CREST Awards case study: an interview with Toby Hill

Mewburn is a national partner for the CREST Awards programme run by the British Science Association (BSA) whose mission is to see a future where science is more relevant, representative, and connected to society. As part of this partnership, Mewburn has run two CREST Discovery Days in our offices and also provided funding that has enabled one thousand students of all ages to complete CREST Awards for free.

I was fortunate enough to take part in the CREST Discovery Day held last September in Manchester and, during my introduction to the students, I mentioned that I was familiar with the BSA and their outreach programme having completed a Gold CREST Award at the University of Hertfordshire as part of a Nuffield Research Placement in the summer between year 12 and 13 way back in 2015.

This caught the attention of Estelle Whewell (CREST's Product & Partnerships Manager) who asked me whether I would be happy to be contacted by one of BSA's marketing team so they could interview me as part of their outreach campaign so I could share my experience of the CREST Discovery Day as well as the CREST Award scheme in general and discuss how I felt it had benefitted me in terms of my university applications.

I'm really glad Mewburn has decided to partner with the BSA and think it's extremely important we continue to support their work because if we want to improve diversity and inclusion at Mewburn, we need to improve diversity and inclusion in STEM by giving students from all backgrounds the opportunities to develop their skills so they have the confidence to make informed choices in their GCSEs, A-Levels and UCAS applications.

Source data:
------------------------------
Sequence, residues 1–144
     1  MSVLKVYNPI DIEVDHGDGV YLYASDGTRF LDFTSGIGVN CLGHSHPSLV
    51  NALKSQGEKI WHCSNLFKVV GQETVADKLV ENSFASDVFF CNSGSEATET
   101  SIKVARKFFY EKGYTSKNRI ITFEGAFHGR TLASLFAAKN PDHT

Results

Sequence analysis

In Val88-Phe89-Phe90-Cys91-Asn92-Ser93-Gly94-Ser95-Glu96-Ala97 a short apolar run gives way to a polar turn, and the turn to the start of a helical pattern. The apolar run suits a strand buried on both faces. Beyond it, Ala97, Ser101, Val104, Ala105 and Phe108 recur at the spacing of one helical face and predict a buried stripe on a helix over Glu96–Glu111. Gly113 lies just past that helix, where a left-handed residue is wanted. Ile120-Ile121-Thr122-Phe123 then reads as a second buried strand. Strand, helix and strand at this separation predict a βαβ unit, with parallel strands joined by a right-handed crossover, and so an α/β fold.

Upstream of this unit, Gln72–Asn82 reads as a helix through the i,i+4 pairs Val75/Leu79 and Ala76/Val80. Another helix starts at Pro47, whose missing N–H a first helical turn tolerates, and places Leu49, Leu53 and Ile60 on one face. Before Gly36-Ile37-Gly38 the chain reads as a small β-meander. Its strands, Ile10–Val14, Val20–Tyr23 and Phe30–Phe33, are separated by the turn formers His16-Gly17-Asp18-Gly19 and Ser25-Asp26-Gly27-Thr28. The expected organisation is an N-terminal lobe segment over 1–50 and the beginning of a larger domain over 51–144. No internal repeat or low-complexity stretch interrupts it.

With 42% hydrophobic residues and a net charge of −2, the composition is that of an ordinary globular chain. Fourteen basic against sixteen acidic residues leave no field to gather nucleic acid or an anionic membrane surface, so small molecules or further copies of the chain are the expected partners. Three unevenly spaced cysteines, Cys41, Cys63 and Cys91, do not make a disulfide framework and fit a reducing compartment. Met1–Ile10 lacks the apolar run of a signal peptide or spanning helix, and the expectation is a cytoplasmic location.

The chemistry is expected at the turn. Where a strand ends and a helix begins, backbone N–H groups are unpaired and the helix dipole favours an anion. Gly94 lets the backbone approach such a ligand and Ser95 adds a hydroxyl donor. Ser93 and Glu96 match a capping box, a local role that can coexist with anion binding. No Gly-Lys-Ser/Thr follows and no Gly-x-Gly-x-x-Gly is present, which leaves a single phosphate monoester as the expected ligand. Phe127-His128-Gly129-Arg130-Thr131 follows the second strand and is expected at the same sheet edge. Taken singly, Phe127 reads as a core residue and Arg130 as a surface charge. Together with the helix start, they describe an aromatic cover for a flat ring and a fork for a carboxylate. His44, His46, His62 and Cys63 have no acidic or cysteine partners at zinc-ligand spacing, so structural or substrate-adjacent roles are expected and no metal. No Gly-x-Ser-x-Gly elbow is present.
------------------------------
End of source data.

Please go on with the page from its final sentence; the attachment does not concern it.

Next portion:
View the full interview below, originally published by the BSA.


The quest to write the perfect UCAS personal statement, and have all the right things to say in a university interview, is as old as the process itself.

We know how much higher education means to a lot of young people. Of course, achieving a degree is not the only route to success. But for thousands of prospective students, going to university is their first taste of independent adulthood – and the first step in their career journey.

Writing a stand-out personal statement is key to catching the eye of admissions officers. Particularly when applying to STEM* courses, it’s important to be able to back-up an expressed interest in a topic with proof; a lot of candidates will have competitive grades so extra-curricular activities and projects in a student’s chosen field are a brilliant way of showing passion, alongside aptitude, for their subject and helping them stand out.

And that’s where we come in! CREST Awards are the perfect achievement for students to include in their UCAS statements. Achieving a CREST Award demonstrates interest in and dedication to a topic above and beyond classroom study, an ability to think critically and work independently – among many other skills.

But you don’t have to take our word for it.

Toby's CREST journey